Preserving memories, stitch by stitch

October 29, 2003

Dottie Goldmeier's quilt of memories was honored in a public ceremony last week at Owen Brown Place. The quilt, "Affirming Life," contains 20 squares. Each illustrates a story from the life of one of the 20 disabled seniors who spend their mornings at the Owen Brown Senior Center Plus program.

"I think ... eliciting this reminiscing process is so worthwhile - it's honoring these people's lives," said Goldmeier, a longtime resident of Harper's Choice.

Honoring life was the theme of the quilting project, which grew out of a meeting at the Columbia Swim Center between Goldmeier and Vivi Provine, director of the senior program. Goldmeier was mourning the death of her husband, John Goldmeier, professor emeritus at the University of Maryland School of Social Work. His specialty was working with the elderly.

Dottie Goldmeier, who taught children with special needs, had made a quilted book as a tribute to her husband's professional life. So Provine invited her to work with the disabled seniors at Owen Brown Place.

"That's how I truly believe we heal, is when we're in pain to reach out to someone else," Provine said.

"The first few sessions, I just sat there and tried to absorb, like a good teacher does," Goldmeier said. Then she met privately with each senior, heard their stories and wrote them down. Fellow quilters from the Faithful Circle Quilters Guild, of which Goldmeier is a member, donated fabric. The seniors chose images to illustrate their stories, and Goldmeier sewed them into the quilt.

"With each stitch, it was like a healing process for her," Provine said.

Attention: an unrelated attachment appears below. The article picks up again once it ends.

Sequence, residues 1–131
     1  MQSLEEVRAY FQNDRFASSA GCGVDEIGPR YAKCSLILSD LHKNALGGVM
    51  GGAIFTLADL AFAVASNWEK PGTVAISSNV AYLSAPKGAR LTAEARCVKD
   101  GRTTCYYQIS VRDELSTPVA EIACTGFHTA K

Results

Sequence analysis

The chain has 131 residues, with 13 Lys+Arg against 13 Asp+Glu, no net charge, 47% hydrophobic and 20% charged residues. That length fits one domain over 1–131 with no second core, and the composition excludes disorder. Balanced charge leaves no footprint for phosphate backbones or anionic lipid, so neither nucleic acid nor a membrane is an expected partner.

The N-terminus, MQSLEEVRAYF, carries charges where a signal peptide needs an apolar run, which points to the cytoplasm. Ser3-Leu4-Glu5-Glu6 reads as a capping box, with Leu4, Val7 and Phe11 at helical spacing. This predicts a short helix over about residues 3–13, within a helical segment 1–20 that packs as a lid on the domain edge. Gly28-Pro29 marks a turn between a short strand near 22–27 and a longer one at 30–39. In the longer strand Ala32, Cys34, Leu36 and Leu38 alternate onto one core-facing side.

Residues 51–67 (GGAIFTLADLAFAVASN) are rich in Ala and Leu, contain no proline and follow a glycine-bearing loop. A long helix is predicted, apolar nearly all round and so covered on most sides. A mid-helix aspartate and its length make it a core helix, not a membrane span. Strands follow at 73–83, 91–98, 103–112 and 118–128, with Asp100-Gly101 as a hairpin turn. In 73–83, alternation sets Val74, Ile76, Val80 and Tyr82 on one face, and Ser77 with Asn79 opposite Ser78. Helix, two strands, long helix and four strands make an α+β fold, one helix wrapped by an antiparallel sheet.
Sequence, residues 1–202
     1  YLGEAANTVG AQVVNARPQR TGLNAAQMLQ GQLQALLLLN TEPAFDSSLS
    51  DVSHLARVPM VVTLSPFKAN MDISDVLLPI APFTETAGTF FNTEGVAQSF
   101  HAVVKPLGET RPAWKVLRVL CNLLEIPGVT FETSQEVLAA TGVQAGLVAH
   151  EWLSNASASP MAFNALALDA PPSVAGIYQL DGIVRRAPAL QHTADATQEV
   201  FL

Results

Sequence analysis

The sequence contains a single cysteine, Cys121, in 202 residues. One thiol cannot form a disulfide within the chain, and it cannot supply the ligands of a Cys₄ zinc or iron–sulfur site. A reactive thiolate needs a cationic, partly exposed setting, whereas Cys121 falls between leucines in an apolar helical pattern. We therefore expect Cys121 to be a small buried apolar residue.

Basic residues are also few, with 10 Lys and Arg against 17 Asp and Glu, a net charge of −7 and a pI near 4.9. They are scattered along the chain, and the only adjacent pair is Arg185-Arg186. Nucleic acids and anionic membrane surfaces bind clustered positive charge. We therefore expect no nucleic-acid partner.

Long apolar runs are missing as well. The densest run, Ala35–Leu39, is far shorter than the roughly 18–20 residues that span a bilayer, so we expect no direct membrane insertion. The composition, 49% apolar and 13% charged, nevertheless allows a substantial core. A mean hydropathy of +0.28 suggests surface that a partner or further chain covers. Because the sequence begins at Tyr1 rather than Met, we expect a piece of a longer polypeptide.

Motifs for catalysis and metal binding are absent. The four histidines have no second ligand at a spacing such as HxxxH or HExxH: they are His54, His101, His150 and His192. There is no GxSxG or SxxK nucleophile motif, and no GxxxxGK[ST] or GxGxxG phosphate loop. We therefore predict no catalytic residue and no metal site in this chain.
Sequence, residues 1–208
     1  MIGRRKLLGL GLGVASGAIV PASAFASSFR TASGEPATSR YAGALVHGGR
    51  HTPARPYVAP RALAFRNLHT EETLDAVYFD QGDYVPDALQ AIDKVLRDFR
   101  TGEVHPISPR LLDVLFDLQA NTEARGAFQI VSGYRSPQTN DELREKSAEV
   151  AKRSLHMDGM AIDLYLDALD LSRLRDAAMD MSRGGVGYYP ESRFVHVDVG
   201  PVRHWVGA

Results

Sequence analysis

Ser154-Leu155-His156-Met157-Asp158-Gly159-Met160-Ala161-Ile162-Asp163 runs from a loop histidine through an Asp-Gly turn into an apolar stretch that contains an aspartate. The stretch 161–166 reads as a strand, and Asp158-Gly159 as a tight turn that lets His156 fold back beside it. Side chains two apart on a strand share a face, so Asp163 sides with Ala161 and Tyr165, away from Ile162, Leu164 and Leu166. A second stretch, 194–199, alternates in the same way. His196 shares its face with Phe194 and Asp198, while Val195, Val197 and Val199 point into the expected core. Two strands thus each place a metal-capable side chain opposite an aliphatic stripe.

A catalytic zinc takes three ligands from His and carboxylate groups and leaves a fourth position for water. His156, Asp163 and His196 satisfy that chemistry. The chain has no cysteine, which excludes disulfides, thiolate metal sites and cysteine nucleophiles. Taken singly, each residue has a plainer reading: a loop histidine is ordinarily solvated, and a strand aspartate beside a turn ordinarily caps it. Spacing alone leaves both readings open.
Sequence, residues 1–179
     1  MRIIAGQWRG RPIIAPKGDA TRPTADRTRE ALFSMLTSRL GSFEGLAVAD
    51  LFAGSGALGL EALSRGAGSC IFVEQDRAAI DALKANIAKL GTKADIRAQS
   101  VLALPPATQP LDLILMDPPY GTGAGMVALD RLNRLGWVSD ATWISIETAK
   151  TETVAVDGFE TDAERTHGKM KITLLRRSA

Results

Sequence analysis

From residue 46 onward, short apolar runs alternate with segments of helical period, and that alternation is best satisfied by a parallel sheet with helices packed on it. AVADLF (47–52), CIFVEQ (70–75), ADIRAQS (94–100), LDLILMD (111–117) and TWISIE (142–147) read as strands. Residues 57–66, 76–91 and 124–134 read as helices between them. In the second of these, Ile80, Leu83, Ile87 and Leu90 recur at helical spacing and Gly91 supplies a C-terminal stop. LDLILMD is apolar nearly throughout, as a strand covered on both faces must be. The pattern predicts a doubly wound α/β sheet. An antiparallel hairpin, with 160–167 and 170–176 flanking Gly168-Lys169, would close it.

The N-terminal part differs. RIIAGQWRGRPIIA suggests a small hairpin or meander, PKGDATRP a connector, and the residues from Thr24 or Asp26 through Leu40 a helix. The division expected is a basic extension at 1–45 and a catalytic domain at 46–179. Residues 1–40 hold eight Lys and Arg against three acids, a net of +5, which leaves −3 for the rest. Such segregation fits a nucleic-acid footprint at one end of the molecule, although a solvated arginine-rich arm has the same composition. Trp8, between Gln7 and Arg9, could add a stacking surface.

John Goldmeier knew the value of life: As a child he escaped the Holocaust on a Kindertransport to England. The seniors understand loss: Alzheimer's, Parkinson's, stroke and depression are familiar to them, Provine said. Most live in group homes, none can drive a car, and many need help to eat, dress and bathe.

Bertis Jones, who lost her North Carolina home in a flood, chose the image of a house for her square; Claude Robinson's design used ties he had kept since 1945. Several of the ties in his square, arranged like flowers in what quilters call a Dresden plate design, were John Goldmeier's.

At the celebration Thursday, Howard County Executive James N. Robey dedicated the quilt in the name of Katherine Langguth, a senior who died last month, to the Owen Brown Senior Center Plus. Jesse J. Harris, dean of the School of Social Work and a former student of John Goldmeier's, was an honored guest, Dottie Goldmeier said. The seniors each received a book with a photograph of their square and the finished quilt, and a copy of their story.

"That's what it's about," Goldmeier said. "It's not the fanfares. It's just the people connecting to something that was important in their lives. ... By saying, `Your life is precious,' I was enabled to affirm my life again."

- Fay Lande

PBS tapes documentary at Harper's Choice school

The Public Broadcasting System taped a segment of the documentary Climate Change at Harper's Choice Middle School on Friday.

Harper's Choice was chosen because of the school's Energy Alliance Club, a participant in the national Green Schools program, which is sponsored by the Alliance to Save Energy. The club's goal is to find ways to reduce school energy costs and home use, and to engage schoolchildren in environmental education through hands-on projects.

"We're very proud that they chose us to come and film. They've been all over the world interviewing scientists," said teacher's secretary Michelle Lamon. The documentary is to be broadcast next year.

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